Wednesday night, Elijah walked out of the house with nothing but a towel and a worried facial
expression. It was late - after 10pm – and Nathan and I had been outside by his car having a deep adult
conversation. Elijah looked anxious and it gave us reason to pause before we demanded he get back
inside and put clothes on.

“I, ummm, I have something to tell you. But I don’t want Logan to know I told because he will be mad!”
he said in a rush while trying to hold back tears.

“What is it Elijah?” I asked, curiosity peaked. I don’t know what went through Nathan’s mind, but my
mind was racing with the prospect of something broken. Window. Door. Hole in the drywall. Something
expensive we would have to fix because of careless horseplay.

He started to cry, but his need to tell the truth won over. “While we were in the hay field, we found
some baby bunnies. We brought them home and put them in a container. We were going to sneak them
in our suitcase and take them to Grandma’s tomorrow. Logan said you would be mad.” The floodgates
opened and he covered his face in his hands.

I had to quickly overcome my shock. This wasn’t at all what I expected! Then came relief. Mom and I
raised three wild bunnies when I was a kid. It was fun! A can of cat milk replacer and an eye dropper is
certainly cheaper than a broken window! The relief didn’t last long though. “Elijah, where are the
bunnies now?’ I asked with a little bit of urgency.

“They’re in my cubby in the garage. On the shelf so Lil’ can’t get them.” He saw the immediate danger of
punishment was passed and had started to dry up.

Inside the shop, I found his winter coat balled up on the top of his cubby shelf. Careful not to dump or
spill or drop anything, I pulled it down and unwrapped a Kroger brand food storage container no bigger
than my two fists. The lid was sealed but inside, I could see two Cottontail bunnies huddled in the

“Elijah! You can’t keep bunnies in this container with the lid on top! They will suffocate!” I quickly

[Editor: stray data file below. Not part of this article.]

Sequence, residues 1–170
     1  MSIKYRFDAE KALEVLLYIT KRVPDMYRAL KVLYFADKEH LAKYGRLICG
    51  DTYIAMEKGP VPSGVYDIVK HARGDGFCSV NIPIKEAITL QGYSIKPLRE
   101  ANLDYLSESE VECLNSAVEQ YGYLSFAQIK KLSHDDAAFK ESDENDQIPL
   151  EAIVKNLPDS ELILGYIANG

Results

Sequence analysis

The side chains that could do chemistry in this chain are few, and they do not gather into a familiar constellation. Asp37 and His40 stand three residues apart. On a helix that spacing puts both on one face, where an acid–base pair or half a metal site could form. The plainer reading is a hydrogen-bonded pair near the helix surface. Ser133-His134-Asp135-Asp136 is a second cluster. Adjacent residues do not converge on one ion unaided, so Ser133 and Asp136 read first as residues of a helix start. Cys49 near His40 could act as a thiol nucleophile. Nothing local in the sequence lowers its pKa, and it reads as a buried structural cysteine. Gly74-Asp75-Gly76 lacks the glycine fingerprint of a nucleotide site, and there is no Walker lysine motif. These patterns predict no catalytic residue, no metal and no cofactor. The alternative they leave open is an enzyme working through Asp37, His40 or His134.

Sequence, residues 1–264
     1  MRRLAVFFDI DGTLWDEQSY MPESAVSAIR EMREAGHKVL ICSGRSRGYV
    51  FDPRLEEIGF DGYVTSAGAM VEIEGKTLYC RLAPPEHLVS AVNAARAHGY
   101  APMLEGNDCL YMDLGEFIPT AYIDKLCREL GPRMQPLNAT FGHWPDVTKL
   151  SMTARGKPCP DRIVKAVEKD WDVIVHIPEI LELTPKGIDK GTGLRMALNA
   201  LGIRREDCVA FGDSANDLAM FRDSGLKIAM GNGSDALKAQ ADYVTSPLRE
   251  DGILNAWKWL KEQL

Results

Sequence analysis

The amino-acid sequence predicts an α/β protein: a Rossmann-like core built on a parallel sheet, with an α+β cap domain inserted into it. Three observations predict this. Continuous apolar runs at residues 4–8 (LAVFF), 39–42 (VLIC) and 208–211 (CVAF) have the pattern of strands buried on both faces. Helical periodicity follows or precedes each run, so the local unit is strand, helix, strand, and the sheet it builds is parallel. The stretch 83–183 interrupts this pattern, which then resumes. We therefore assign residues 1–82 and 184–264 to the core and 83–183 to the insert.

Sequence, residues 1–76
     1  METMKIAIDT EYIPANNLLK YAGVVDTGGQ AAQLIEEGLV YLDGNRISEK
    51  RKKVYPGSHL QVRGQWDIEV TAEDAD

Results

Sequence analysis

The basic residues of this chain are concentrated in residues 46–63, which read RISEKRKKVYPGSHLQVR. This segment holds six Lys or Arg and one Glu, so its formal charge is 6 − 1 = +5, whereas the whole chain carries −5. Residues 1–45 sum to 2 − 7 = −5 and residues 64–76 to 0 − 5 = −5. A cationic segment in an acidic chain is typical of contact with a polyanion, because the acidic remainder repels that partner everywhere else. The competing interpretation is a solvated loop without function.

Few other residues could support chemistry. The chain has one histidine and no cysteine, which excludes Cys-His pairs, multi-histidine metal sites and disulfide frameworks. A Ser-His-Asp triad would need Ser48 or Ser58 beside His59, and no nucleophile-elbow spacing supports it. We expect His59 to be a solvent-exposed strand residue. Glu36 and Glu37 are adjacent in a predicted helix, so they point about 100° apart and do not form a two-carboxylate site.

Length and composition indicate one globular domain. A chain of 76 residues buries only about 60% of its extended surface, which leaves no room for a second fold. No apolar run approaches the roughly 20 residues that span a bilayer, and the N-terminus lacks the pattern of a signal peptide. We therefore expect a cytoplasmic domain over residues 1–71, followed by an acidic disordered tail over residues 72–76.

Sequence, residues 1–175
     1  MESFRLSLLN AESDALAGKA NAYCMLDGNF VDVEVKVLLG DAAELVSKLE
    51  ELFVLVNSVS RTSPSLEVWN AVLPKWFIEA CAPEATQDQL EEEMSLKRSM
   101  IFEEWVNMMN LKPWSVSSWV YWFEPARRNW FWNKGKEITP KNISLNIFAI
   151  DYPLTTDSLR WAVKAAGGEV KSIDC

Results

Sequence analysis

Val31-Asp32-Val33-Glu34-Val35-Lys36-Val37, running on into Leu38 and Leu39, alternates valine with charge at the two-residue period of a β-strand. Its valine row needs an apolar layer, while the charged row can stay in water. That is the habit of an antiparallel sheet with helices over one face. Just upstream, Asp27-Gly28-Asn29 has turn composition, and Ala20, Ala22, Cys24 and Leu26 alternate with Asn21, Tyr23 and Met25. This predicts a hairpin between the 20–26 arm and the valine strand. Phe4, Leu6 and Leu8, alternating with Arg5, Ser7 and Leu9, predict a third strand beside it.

peeled back the lid and was relieved to find them both breathing.

He started to cry again so I had to change my tone. The bunnies were alive. They were pretty easy to
take care of. Nobody was hurt. Nothing was broken. This was NOTHING compared to what I had in mind.
Nathan jumped in.

“It’s ok, Buddy. You’re not in trouble. The bunnies are alive. We just wanted to make sure you knew that
a storage container like this is not a good way to keep any creature. They will die from lack of air. Go get
dressed and we’ll figure out a plan.”

We all went inside and while Elijah ran to get dressed, Nathan and I just looked at each other and
shrugged. This wasn’t first time they brought home a critter and it won’t be the last. Although bunnies
are much different than toads, frogs, earthworms and crawdads, they are certainly cuter and in their
current stage of life, probably a pretty safe bet to make it in life. Their eyes were open and they were
able to move around. No crisis today. Just another Downey Boy Adventure.


The boys took the bunnies with them up to Sheridan where they were scheduled to camp out for three
nights. Instead of smuggling them in their suitcases, we used an empty LEGO cardboard box. After some
internet searching, we determined the bunnies were 3-5 weeks old and would be eating milk and
probably munching on some greens too. Mom was thrilled; Dad played along. By the time I left to come
back home, one of the bunnies was eating from a syringe and they both were climbing around. The boys
know they have to turn them loose when they are big enough to make it on their own but for now, let
me introduce you to Bob and Jerry.